The consulta movement continues... in Northern Ontario!Published by MAC on 2011-07-18
Source: Kenora Daily Miner & News, statement
The KI First Nation that resisted advances by Platinex several years ago voted overwhelmingly (96%) on the 5th of July to protect their watershed from industrial activities, at the same time establishing the consultation protocol that they will follow from here on in.
Big Trout Lake holds referendum to protect lands and water from development
By Jon Thompson
Kenora Daily Miner & News
8 July 2011
Kitchenuhmaykoosib Inninuwug First Nation (Big Trout Lake) has voted nearly unanimously to protect the entire watershed in its traditional lands from all industrial activity.
In a community referendum held Tuesday, 96 per cent voted to support the KI Watershed Declaration and KI Consultation Protocol, which would protect 13,025 square kilometres of rivers, forest and wetlands from development.
In a release, the leadership said the declarations will become part of Kitchenuhmaykoosib Inninuwug First Nation's indigenous laws and called on governments and corporations to recognize and respect the will of its people.
"The KI Watershed Declaration and the KI Consultation Protocol will give us a new mandate to foster dialogue with governments and corporations and as well as open up new opportunities in the areas of economic development, environmental sustainability and off-reserve issues," said chief Donny Morris.
The documents establish a framework for consent - not consultation - from the First Nation, a distinction made during the struggle with a junior mining company and the provincial government that garnered national headlines over the past three years.
In 2008, six community leaders, including chief Morris, were arrested for refusing to allow Platinex to prospect on nearby land. They were released following a public outcry. After the community blocked company executives from landing a float plane on the lake in 2009, Ontario purchased Platinex's claim for $5 million and 2.5 per cent net smelter royalty interest in connection with any future development on the property. At that time, the province committed to withdraw KI land from future staking and mineral exploration but according to the First Nation's leadership, corporate exploration has continued.
Environmental organization Earthroots called on Premier Dalton McGuinty to respect KI's wishes, which would supercede consultation frameworks established in the Far North Act and the recently updated Ontario Mining Act.
"Far too many First Nations communities are forced to suffer from industrially contaminated water sources," said David Sone of Earthroots. "Earthroots fully supports this visionary decision by the elders, citizens, and leadership of KI First Nation; a decision that will benefit all Ontarians. We call on Premier McGuinty to act swiftly to recognize and respect KI's decision to protect their water and, if necessary, we will take action with KI to help defend their life-giving watershed."
Earthroots calls on McGuinty to respect KI First Nation water protection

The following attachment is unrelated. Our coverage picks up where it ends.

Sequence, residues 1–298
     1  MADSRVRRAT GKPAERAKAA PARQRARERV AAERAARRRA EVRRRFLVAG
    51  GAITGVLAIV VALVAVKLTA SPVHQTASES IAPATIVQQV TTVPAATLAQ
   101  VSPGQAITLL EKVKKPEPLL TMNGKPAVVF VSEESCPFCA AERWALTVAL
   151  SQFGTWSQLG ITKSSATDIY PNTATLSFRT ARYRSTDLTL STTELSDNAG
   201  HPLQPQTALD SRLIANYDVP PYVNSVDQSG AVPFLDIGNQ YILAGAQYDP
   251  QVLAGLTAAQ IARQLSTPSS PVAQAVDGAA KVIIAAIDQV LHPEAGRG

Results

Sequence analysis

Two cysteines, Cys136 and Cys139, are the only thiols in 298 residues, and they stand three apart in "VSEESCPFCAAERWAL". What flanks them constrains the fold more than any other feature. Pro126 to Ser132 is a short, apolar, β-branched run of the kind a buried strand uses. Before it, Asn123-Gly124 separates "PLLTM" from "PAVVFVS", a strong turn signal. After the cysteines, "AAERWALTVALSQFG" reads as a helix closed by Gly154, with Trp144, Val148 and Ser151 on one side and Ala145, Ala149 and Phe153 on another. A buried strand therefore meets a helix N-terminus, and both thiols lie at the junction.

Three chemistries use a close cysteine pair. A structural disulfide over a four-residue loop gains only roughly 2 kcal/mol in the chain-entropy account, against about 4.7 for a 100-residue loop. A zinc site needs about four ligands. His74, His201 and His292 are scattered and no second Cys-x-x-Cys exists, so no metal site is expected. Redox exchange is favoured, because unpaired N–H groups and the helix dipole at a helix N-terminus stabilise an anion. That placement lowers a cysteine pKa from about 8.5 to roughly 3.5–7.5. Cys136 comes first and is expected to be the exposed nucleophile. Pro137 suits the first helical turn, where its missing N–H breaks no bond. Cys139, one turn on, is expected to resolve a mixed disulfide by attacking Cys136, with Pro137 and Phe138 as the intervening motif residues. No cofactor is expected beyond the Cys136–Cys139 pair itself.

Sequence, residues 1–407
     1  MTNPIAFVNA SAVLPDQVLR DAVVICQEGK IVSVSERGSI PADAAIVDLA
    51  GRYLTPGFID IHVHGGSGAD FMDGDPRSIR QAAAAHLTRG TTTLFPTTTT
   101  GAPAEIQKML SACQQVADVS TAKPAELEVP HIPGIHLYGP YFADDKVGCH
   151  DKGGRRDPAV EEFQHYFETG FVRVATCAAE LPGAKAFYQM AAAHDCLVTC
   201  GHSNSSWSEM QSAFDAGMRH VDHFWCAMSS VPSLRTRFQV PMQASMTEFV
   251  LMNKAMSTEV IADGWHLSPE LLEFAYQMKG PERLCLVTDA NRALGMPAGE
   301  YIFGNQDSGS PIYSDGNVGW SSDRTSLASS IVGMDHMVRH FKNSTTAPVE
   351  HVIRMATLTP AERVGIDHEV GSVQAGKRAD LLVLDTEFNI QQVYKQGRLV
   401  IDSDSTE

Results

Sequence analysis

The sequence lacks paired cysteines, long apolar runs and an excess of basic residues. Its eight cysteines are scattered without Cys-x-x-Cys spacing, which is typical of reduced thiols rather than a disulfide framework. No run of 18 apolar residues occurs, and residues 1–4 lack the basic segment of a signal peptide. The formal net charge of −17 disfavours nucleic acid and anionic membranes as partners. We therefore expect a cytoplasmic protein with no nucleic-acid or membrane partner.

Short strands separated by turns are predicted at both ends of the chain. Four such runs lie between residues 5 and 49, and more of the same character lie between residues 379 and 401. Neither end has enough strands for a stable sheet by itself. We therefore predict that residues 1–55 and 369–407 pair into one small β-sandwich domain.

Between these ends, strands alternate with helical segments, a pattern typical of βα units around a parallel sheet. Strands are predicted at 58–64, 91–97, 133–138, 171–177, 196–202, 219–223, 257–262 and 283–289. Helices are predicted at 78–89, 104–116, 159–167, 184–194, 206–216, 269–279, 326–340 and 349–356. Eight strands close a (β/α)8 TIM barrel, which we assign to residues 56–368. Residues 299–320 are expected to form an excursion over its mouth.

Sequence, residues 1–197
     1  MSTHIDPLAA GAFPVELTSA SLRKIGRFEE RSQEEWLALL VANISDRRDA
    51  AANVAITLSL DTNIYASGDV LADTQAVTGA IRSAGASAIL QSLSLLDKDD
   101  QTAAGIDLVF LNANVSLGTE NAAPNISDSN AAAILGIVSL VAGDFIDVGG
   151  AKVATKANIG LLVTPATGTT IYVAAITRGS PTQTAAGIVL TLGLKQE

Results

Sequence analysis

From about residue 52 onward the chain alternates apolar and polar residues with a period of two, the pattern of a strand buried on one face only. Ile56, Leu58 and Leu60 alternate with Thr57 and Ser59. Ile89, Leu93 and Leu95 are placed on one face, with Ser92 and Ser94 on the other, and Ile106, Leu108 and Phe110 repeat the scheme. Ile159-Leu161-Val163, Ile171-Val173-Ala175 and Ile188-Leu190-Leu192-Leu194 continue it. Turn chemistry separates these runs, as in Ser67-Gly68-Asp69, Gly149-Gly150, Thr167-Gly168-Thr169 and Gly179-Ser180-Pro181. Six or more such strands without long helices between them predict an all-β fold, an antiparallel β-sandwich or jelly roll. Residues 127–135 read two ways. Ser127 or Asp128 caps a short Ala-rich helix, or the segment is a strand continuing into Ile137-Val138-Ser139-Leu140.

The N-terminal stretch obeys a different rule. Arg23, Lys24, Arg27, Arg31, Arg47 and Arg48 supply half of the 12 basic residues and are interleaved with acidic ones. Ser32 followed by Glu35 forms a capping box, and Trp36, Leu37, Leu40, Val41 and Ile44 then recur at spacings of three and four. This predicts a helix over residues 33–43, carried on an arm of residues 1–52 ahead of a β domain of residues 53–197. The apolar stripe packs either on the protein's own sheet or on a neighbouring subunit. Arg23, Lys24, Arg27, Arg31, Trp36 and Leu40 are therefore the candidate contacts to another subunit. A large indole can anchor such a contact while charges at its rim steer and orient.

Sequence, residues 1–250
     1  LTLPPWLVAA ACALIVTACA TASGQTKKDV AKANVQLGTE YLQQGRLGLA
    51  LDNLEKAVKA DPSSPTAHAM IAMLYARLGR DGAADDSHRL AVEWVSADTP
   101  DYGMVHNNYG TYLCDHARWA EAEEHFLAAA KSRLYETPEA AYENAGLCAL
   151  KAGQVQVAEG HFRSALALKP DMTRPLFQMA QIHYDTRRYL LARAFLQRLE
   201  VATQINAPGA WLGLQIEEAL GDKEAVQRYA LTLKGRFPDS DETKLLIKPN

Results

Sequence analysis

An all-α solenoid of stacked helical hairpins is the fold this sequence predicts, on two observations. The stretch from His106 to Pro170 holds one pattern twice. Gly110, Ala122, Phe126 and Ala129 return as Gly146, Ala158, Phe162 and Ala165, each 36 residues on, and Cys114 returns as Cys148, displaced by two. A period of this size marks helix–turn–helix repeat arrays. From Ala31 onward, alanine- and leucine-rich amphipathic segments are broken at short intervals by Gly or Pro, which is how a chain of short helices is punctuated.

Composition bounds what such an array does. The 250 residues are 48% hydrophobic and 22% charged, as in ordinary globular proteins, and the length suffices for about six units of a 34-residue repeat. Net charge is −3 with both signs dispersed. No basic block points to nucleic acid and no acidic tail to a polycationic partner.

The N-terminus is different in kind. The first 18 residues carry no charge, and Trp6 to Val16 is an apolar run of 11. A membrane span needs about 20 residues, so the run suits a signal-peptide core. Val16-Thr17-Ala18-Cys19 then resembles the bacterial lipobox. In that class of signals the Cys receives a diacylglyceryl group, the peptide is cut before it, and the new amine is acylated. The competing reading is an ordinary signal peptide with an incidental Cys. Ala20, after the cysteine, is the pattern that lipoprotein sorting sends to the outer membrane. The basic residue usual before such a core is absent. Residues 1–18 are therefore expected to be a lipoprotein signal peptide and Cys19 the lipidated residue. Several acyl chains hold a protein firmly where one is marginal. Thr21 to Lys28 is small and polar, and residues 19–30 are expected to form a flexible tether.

Kitchenuhmaykoosib Inninuwug Media Release
6 July 2011
Toronto - Yesterday Kitchenuhmaykoosib Inninuwug First Nation (KI) voted overwhelmingly in favour of protecting their entire watershed from all industrial activity. In a community referendum, 96% of voters supported the KI Watershed Declaration which applies to a vast 13,025 square kilometer area of boreal lakes, rivers, forest, and wetlands in KI Homeland that is over 20 times the size of the City of Toronto. The Watershed Declaration is intended to protect the 661 square kilometer Big Trout Lake and the watersheds of all rivers which flow into and out of the lake.
"Far too many First Nations communities are forced to suffer from industrially contaminated water sources," said David Sone of Earthroots. "Earthroots fully supports this visionary decision by the Elders, citizens, and leadership of KI First Nation; a decision that will benefit all Ontarians. We call on Premier McGuinty to act swiftly to recognize and respect KI's decision to protect their water and, if necessary, we will take action with KI to help defend their life-giving watershed."
In 2008 six KI leaders were jailed for refusing to allow mining exploration that the community feared could contaminate Big Trout Lake. After massive public outcry an appeals court released the jailed KI leaders and in 2009 the province bought out the Platinex mining claims in the area and promised never to develop them without KI's support. But other mining companies continue to stake claims on KI Homeland without KI consent, raising the possibility of further strife.
The remote fly-in community is taking proactive steps to prevent further resource conflicts by clearly delineating areas off limits to industry, and the process which industry and government must follow in respectfully discussing potential resource projects with KI.
The KI Watershed Declaration states "We declare all waters that flow into and out of Big Trout Lake, and all lands whose waters flow into those lakes, rivers, and wetlands, to be completely protected through our continued care under KI's authority, laws and protocols... No industrial uses, or other uses which disrupt, poison, or otherwise harm our relationship to these lands and waters will be permitted."
"The Walkerton Inquiry led to new legislation like the Safe Drinking Water Act which mandates the protection of community drinking water sources across the province, including in the North," said Amber Ellis, Earthroots Executive Director. "Respecting KI's decision to protect their watershed is a necessary step towards implementing the right of all people to have access to safe water."
For more information: http://www.kitchenuhmaykoosib.com/landsandenvironment/